What is “good enough” for a surgeon?

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A surgery resident from halfway around the world emailed me the other day looking for advice as she was nearing graduation.  She confessed, “I am beginning to question myself if I am good enough … what is ‘good enough’ anyway?”

I had absolutely no idea how to answer the question – what is “good enough” for a surgeon?

First, I tried Google.

“Am … I … Good … Enough”?

2.5 billion hits and some good news!  All 2.5 billion of them confirmed that I am, in fact, “good enough.” All I needed to do was think it, live it, meditate, do yoga, and drink a lot of green juice and I’ll start believing it.

Phew.

Not convinced.  Google doesn’t know me – and it doesn’t know how hard my surgeries can be.

So, again: “Am I a good enough surgeon?” Just 1.4 billion hits this time.  One suggested that “good enough” for a surgeon meant “enough good traits and no ‘deal-breaking fatal flaws’.”  Another suggested that emotional intelligence, interpersonal connection, and respect provide the core of “good enough.”  As correct as this may be, it didn’t really help me or the surgery resident halfway around the world.  Like every surgeon I know, I swore an oath to do no harm to my patients. I respect my patients and colleagues, and I don’t think I’m riddled with fatal flaws.  Yet, this does not scratch the surface of a ‘good enough’ standard that I hold myself by as a surgeon.

When I was a martial artist nearly 20 years ago, I marched across the stage to the tune of Queen’s, “We Are the Champions.”  Someone put a gold medal around my neck, and for that brief glorious few seconds that I will never forget, the external world validated that I was best in the world at something.  All of my hard work, perseverance, resilience, and confidence led me to the point where I was lucky enough to have an official organization denote me as “good enough” in their eyes.  That surgery resident and I will probably wait our entire careers and never have anything come close to that in terms of external validation in surgery.

What I ended up saying to this resident halfway around the world was that I had built both of my careers in life (martial arts and surgery) to the simple goal of optimization – and this is something that I hold entirely internally for validation.  I fear perfectionism more than anything, but I strive for optimization.  Perfection, to me, is a fictitious endpoint – an endpoint that has paralyzed me and made me scared to show my limitations throughout training and practice.  I have actively combatted perfectionism my entire life.  But optimization is a process, not an endpoint.   Unlike perfectionism, optimization affords me the complete freedom to make mistakes – provided that I do everything possible to avoid making that same mistake again.  One of my chief residents scrubbed with me on two difficult, but nearly identical fracture cases over a two-week time period.  The first one was a struggle – and the second one went incredibly smoothly.  He exclaimed, “Wow, that one was so much easier!” at the end of the second case.  I first told him it was “magic” – and then I quickly corrected myself so that he could learn from the experience.  I explained how I sat at home after that first case and reviewed the intra-operative x-rays.  I forensically assessed my struggles, and added them to the optimization bank.  And, I vowed to do better and make things smoother the next time – hence the perceived “magic.”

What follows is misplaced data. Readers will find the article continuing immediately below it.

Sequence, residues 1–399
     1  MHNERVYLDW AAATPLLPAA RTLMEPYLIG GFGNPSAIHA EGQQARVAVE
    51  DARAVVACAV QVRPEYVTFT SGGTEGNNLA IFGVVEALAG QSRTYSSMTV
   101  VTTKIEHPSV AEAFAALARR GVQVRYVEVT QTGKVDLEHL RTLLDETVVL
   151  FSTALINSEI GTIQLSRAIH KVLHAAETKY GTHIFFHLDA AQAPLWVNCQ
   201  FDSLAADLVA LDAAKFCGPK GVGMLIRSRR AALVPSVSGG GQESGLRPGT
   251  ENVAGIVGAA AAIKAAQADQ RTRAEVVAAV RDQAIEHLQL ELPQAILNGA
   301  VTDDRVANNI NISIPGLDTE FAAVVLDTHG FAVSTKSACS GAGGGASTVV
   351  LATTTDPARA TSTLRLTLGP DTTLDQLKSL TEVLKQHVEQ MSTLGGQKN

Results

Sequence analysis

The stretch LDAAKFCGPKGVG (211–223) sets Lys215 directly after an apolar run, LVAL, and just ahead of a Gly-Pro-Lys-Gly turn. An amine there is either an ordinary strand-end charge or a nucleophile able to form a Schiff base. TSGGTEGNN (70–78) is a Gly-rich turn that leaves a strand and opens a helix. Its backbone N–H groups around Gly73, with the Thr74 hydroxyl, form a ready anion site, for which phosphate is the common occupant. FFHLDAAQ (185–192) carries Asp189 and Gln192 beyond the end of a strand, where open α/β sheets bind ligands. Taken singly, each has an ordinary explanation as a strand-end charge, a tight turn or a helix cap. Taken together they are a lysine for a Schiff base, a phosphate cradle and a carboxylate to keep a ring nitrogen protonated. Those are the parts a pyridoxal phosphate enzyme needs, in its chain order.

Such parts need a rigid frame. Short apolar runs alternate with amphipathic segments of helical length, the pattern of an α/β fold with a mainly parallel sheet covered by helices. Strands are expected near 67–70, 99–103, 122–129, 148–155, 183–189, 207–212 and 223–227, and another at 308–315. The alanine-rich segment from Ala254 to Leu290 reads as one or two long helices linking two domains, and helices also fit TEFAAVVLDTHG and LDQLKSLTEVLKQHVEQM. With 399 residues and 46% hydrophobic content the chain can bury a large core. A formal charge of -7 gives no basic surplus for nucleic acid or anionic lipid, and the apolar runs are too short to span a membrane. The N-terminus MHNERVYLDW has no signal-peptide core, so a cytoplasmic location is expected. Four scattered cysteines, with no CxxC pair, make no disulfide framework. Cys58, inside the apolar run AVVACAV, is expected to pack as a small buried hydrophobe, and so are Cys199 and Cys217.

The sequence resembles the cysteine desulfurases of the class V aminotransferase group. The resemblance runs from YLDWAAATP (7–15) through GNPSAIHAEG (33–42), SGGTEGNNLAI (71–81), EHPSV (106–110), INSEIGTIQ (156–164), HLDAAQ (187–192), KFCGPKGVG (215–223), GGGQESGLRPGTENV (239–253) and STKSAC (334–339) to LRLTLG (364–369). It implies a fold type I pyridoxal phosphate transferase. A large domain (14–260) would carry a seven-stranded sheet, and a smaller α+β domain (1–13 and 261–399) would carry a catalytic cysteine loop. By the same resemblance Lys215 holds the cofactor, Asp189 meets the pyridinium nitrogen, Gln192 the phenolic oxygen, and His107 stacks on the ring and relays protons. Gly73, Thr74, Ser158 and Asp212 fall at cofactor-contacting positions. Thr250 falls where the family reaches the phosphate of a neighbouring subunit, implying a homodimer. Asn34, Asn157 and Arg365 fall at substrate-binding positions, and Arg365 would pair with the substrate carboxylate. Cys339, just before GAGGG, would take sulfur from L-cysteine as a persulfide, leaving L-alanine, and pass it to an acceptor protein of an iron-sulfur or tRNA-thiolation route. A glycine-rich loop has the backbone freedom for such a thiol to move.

What I told that surgery resident halfway around the world was that I couldn’t really help her define when she would know she was “good enough.”  Like “perfection,” “good enough” is not really for technical surgical skills.  If we ever stop struggling, adding to the “optimization bank,” and referencing the “optimization bank,” then it is time to move on and do something else in life.  As cliché as it may be, I told her to just be a little bit better tomorrow than she was today – and to try very hard not to repeat her mistakes.  Living by this simple but calculated, consistent, and focused process of optimization is how I will define the elusive “good enough” to the next person who asks.

Mara L. Schenker is an orthopedic surgeon.

Image credit: Shutterstock.com

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